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Secretary Cohen's Press Briefing Enroute to Buenos Aires, Argentina, 22 May 98

Presenter: Defense Secretary William S. Cohen
May 22, 1998 9:35 PM EDT

Q: (Inaudible) Arm sales... is that your intention? To sell to anybody and everybody?

Secretary Cohen: Well, that is not correct. What we are looking at is a Latin America that is very different from the Latin America of yesteryear. In virtually every country in Latin America, there is now a democracy. Each democratic society has an absolute right to provide - an obligation to provide -- for its own national security interest. To the extent that any of these countries are interested in turning to the United States to supply their needs, then we have established as a policy, we are willing to take it on a case-by-case basis, to make a determination whether or not we would be interested in furnishing equipment. We would determine whether it would be -- in our own judgment, be in our mutual interest to have such a relationship. I don't think that whatever they want anyone is going to let them have. We are interested in having a strong bilateral relationship with each of the countries in the region. But we will take each case up on a case-by-case basis. And that is a policy that was initiated and changed under Secretary Perry and Warren Christopher. It has been reaffirmed by President Clinton, Secretary Albright and myself.

Q: I take it that you are not trying to change it? Cohen: Not at all.

Q: Do you think that this will reflect (inaudible).

Cohen: No, I think that all of the countries will look to see what they need, make an assessment -- I would expect a rationale assessment -- of what they need for their own individual security, and hopefully, regional security. To the extent that the United States can provide them with what they deem to be in their interest, then we are in a position to do so. But we have to examine each country on a case-by-case basis, not just a wholesale, "let's-see-what-we-can-sell-there." And that has been a policy of the President, and that will be the policy.

Q: Will you discuss arms with these three countries that you are going to?

Cohen: If it comes up in the course of conversation. But that is not my mission down here. This is my first trip, I'm looking forward to establishing solid friendships with my counterparts. I have met President Frei of Chile, and I know Minister Dominguez, and so I'm looking forward to building the friendships that I have initiated.

Q: What do you say to the Argentines who are in no position to (inaudible), who can't afford to buy fighter jets when you want to sell them to the Chileans who, in fact, can afford them (inaudible)?

Cohen: These two countries have made enormous progress in reconciling their differences in recent years. They are cooperating and trying to help with the dispute between Ecuador and Peru. They are, I think, trying to approach their security needs in a regional context. I don't think that it is a question of one country feeling that somehow, any arms sale to a neighboring country is going to put them in jeopardy. I think each country understands that we are promoting our ideas. To the extent that we can help modernize their forces, if they need it and can afford it, then we are prepared to try and do so. You have to remember that there are many countries who are eager to sell weaponry in the region. I think each country, again, has to make an intelligent assessment of what they need and what they can afford. We are not trying to sell expensive, sophisticated equipment to countries that cannot afford it. That is not in our interest to do so. If they cannot maintain it, and they are expending a lot of their resources that could be more properly used for other purposes, it would not be in our long-term interest to try and promote that.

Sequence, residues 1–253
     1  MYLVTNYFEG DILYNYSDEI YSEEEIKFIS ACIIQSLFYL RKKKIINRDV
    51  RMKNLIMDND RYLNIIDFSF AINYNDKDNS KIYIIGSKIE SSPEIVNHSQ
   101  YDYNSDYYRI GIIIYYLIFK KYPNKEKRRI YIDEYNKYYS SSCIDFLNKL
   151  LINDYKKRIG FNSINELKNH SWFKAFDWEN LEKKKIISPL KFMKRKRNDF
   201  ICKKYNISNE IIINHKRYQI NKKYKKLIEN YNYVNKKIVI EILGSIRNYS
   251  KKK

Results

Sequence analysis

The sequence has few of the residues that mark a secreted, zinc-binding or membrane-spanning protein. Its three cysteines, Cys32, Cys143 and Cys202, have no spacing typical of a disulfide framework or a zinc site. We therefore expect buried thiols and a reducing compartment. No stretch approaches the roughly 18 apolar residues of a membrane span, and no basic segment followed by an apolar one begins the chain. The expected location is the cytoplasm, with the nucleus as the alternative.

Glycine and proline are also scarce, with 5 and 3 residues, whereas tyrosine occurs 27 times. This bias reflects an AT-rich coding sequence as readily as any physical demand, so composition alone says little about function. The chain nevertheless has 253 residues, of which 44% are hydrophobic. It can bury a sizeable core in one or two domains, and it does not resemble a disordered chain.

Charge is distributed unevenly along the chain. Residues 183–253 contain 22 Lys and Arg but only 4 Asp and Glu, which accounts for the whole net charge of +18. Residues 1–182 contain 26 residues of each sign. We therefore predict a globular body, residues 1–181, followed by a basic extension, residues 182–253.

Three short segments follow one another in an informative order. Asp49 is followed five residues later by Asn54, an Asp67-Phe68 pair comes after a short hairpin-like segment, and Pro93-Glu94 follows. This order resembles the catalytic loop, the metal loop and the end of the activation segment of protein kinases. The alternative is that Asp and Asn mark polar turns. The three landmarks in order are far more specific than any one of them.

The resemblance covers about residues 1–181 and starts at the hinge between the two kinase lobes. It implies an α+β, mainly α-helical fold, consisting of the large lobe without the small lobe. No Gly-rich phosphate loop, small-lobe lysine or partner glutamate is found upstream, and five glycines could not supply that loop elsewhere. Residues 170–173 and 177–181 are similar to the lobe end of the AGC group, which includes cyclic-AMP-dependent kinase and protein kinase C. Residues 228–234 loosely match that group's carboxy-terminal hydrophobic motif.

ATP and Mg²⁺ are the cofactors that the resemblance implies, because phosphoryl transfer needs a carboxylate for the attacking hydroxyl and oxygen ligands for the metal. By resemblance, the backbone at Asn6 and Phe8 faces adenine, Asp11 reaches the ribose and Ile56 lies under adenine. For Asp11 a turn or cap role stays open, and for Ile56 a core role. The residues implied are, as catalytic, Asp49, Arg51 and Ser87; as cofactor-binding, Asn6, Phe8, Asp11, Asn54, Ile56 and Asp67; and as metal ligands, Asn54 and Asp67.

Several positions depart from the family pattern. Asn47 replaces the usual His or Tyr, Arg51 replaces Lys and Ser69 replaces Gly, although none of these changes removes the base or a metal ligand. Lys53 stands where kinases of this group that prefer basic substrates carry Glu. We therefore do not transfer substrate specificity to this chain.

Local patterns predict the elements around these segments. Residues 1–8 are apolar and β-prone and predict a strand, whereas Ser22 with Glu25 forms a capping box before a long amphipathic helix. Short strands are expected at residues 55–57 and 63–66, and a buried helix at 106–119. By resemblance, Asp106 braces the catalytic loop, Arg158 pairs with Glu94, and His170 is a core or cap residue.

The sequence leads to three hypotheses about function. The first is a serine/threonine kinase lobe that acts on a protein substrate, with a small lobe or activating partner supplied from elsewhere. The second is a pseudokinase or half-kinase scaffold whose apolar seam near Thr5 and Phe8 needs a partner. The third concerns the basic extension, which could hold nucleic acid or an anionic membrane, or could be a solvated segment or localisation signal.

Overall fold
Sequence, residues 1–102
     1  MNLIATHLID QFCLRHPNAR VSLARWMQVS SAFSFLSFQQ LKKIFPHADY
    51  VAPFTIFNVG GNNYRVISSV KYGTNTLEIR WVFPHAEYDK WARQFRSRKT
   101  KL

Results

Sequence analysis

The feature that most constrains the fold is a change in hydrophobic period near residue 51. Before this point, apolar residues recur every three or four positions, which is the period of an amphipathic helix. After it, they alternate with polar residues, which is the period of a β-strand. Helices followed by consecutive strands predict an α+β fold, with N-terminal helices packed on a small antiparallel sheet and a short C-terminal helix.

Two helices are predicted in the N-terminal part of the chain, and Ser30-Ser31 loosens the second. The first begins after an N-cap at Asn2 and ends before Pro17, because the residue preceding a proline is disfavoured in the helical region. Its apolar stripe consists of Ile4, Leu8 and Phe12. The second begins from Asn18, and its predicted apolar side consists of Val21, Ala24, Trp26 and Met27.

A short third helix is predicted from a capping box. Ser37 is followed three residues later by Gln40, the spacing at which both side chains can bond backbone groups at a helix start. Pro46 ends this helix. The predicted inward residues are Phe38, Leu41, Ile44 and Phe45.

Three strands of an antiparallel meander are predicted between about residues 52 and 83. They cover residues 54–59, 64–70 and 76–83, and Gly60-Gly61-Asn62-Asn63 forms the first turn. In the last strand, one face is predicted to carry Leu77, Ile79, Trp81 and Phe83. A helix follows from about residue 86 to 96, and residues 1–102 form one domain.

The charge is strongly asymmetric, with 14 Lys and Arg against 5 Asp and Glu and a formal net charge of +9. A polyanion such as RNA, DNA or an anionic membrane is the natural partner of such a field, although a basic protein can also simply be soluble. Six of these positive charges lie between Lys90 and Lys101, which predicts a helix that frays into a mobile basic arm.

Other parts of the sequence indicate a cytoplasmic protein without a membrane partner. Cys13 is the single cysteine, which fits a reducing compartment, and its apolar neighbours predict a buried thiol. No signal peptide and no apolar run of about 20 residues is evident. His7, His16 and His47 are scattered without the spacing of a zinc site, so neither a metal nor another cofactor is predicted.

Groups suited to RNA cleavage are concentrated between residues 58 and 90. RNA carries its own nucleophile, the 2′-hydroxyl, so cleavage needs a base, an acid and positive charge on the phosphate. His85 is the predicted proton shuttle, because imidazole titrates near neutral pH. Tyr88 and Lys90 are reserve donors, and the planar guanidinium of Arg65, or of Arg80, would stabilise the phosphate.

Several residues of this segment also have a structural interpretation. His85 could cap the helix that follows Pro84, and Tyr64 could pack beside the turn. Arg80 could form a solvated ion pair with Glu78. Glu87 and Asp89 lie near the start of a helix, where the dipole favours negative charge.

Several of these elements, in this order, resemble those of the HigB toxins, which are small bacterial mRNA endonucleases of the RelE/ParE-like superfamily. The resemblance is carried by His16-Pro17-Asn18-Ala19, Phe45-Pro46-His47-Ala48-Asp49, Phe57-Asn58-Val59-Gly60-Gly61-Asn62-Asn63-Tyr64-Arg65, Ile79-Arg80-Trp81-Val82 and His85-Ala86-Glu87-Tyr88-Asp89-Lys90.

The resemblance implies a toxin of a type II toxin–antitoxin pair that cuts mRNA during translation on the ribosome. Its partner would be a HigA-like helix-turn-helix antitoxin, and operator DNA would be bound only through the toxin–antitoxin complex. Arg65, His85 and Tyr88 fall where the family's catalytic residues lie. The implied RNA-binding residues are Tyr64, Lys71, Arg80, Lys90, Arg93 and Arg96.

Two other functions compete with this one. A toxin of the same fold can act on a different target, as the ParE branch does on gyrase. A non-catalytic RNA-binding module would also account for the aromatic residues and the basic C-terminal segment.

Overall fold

Q: Mr. Secretary, in recent days, Argentina appears to have concluded their investigation into a bombing some years back. They have expelled some Iranian diplomats and pointed the finger at Iran. I was wondering if there has been any connection between that bombing in Argentina and the Khobar Towers bombing?

Cohen: I'm not aware of any. As a matter of fact, I saw a report today that one Saudi official, I don't know if he was named, claimed that the bombing which took place in Saudi Arabia was perpetrated by Saudi nationals. I don't know the validity of that statement, and the reliability of it, but I'm not aware of any connection of the bombing that took place in Argentina and that that took place at Khobar.

Q: In terms of the Khobar Towers investigation, is that anywhere near completion?

Cohen: Not as far as I know. I saw Director Freeh just this past week. We did not get into this issue in any detail. But the investigation is still open as far as he is concerned.

Q: Do you plan to discuss terrorism with President Menem? The possible cooperation in combating terrorism?

Cohen: I think that this would be part of the nature of our relationship that we have established -- that would be the sharing of information, to the extent that terrorism, on an international level, ought to be of a concern to Argentina and also to the United States. We are very concerned about the spread of international terrorism. So yes, I hope that we would share whatever information that we have with them as well, and whatever information that they have provided to our authorities.